Deceit can be Deadly
Deceit is deadly to the well-being of a pack. It erodes the very foundation that unites members, creates distrust and breaks down the bonds that are essential to all. A pack must function as a unit, relying on the integrity of each other at all times. If the word of a pack mate cannot be trusted, doubt begins to fester. For this reason, one who practises deceit should be cast out to roam the world on their own. There is no place for such an individual person in the Lycan world.
Source: Book of the Law
October 28, 1566 – England
The flickering of a lantern broke the darkness, a mere speck of brightness like some whimsical fairy. It bobbed between the trees, paused and then continued, marking the passage of the person holding it. Occasionally, the light suddenly dipped as its carrier stumbled; brambles, sticks and tangled weeds wrapped around unsuspecting legs, as if trying to hold back the midnight traveller.
Eventually, the light from the lantern stopped moving and settled close to the ground in the middle of a small clearing. Laboured breathing and a suppressed sob were almost completely masked by the howl of the gale and the clatter of bare branches. It was late October, any memories of the green of summer or the gold of autumn killed by an early frost that had left the landscape brown and dead. Dead like the look on the girl’s face.
Wind whipped at her hair, tearing it free from its plait and lashing it against her tear-stained cheeks. Her face pale, her lips trembled as she dropped to her knees, physically and emotionally exhausted. The events leading up to this had taken their toll and, for a moment, she bowed her head and closed her eyes, the precious bundle she carried pressed to her chest.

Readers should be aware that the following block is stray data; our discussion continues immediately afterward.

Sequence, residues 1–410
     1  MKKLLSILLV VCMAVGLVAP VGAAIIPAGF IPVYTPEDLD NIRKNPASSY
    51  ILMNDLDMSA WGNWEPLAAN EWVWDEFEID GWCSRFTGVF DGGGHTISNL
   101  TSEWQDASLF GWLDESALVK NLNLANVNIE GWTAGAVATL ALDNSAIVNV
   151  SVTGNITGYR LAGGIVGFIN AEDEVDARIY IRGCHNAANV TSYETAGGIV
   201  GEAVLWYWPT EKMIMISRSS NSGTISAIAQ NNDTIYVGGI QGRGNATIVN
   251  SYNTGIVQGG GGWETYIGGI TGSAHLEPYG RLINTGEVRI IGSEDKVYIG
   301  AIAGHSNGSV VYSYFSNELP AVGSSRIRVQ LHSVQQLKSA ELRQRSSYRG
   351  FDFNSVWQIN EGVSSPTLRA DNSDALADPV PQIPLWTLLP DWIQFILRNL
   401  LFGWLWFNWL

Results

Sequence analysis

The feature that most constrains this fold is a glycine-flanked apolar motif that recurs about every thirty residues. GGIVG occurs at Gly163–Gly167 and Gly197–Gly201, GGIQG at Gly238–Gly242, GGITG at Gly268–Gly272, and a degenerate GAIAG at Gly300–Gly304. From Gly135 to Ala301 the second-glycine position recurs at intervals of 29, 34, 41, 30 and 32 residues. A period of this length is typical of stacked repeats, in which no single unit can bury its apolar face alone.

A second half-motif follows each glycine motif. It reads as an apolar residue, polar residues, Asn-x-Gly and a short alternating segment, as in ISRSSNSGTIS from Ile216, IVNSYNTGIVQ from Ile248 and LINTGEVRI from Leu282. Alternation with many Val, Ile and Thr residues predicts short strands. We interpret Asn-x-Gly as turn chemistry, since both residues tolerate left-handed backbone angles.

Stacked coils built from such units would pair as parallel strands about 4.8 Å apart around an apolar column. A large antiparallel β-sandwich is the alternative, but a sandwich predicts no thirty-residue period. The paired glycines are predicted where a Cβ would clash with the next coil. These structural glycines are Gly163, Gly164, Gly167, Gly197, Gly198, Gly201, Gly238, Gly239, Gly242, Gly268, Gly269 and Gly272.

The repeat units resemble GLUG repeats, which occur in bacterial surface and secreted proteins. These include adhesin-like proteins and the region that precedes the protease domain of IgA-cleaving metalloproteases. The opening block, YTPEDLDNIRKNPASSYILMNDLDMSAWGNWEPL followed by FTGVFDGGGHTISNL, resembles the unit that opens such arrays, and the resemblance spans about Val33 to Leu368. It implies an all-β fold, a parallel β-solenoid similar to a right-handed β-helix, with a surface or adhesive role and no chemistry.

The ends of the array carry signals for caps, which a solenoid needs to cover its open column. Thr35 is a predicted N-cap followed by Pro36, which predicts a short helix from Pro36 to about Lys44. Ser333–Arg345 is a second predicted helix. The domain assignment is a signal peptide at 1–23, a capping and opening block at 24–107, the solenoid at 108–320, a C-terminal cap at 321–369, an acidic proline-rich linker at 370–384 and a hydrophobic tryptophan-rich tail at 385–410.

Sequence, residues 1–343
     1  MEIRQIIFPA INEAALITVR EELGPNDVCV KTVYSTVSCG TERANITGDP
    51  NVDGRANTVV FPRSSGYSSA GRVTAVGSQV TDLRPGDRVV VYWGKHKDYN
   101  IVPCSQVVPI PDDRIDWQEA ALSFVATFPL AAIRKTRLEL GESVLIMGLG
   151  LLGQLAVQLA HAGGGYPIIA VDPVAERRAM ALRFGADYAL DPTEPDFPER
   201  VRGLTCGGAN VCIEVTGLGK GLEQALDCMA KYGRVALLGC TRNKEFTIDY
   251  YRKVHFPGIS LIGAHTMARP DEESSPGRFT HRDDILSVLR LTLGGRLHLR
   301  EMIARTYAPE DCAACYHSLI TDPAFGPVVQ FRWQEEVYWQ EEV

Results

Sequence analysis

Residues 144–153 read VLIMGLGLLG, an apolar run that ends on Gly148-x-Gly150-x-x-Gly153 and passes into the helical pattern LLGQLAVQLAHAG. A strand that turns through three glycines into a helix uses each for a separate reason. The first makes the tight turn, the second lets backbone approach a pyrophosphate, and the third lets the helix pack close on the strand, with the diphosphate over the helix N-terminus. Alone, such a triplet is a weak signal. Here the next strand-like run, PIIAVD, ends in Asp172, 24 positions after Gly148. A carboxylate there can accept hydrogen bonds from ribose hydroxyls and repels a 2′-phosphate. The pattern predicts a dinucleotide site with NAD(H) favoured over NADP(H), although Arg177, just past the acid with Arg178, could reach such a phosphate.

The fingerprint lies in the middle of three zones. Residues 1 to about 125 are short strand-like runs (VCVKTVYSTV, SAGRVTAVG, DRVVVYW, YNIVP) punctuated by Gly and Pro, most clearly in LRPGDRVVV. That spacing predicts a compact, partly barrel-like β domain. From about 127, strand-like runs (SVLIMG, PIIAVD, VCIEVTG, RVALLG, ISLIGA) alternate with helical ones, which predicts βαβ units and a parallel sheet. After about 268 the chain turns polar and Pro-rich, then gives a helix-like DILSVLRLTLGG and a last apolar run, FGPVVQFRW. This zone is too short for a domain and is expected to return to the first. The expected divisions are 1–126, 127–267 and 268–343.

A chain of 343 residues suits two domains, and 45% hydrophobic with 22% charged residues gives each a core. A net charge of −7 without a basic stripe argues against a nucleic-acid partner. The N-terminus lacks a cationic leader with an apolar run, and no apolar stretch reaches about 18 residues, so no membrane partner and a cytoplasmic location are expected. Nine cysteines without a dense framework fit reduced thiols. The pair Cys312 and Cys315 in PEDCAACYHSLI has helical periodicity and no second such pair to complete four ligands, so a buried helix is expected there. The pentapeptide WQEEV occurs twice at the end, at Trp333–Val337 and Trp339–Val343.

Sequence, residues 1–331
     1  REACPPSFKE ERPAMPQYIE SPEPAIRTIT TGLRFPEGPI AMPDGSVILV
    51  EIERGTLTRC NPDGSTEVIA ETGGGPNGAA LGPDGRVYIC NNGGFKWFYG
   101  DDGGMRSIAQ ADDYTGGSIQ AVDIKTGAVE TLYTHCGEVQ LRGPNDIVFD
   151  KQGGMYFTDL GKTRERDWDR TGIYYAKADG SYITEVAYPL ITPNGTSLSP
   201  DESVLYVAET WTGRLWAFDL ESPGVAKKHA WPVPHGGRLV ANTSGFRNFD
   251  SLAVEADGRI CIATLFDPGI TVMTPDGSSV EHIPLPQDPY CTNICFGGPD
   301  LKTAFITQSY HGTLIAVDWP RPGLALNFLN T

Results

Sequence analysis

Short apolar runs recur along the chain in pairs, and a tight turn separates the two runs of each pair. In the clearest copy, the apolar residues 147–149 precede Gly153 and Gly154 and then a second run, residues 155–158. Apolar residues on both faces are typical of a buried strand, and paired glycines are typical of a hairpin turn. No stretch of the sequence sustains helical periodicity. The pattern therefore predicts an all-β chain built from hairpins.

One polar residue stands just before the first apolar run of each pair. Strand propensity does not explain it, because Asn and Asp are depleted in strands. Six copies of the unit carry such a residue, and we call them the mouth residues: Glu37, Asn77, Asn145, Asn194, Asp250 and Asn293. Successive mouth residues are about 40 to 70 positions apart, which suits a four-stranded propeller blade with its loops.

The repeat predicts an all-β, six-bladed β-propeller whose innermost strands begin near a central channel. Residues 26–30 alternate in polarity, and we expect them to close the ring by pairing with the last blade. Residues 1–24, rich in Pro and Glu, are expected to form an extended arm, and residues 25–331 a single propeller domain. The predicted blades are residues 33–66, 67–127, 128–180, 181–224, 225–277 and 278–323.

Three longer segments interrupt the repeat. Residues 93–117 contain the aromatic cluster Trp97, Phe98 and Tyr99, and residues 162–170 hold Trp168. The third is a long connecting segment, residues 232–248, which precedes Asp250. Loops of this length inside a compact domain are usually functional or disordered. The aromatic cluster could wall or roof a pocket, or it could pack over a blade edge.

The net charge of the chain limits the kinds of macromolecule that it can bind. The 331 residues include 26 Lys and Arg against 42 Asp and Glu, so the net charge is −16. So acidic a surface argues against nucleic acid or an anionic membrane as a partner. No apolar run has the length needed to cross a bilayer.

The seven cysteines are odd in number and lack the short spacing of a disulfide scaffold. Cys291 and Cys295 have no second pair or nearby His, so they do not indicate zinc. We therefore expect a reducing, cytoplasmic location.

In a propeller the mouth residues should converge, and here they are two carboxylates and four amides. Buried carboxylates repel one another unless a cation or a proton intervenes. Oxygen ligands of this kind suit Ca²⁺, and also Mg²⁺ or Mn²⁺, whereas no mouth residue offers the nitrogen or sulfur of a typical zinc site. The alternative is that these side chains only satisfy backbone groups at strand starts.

Overhead, heavy clouds raced across the inky sky, pushed along by the strong gusts. They allowed mere glimpses of the stars that dotted the velvety dome and the shining orb of the moon that waited patiently for its moment of glory. A storm was brewing but it wouldn’t let loose its fury until the evening’s celestial event occurred.
A blood moon would grace the night sky, the particular alignment of sun, moon and planet releasing a powerful aura, one filled with magic and endless possibilities. Already those sensitive to such things were preparing. Some sought to shield themselves with locked doors and protective herbs while others embraced the moment, revelling in the power and harnessing it to do their bidding.
The girl took a deep breath and straightened her spine. She chose to be part of the latter group, reaching out to use the power of the night. Now was not the time to lose courage.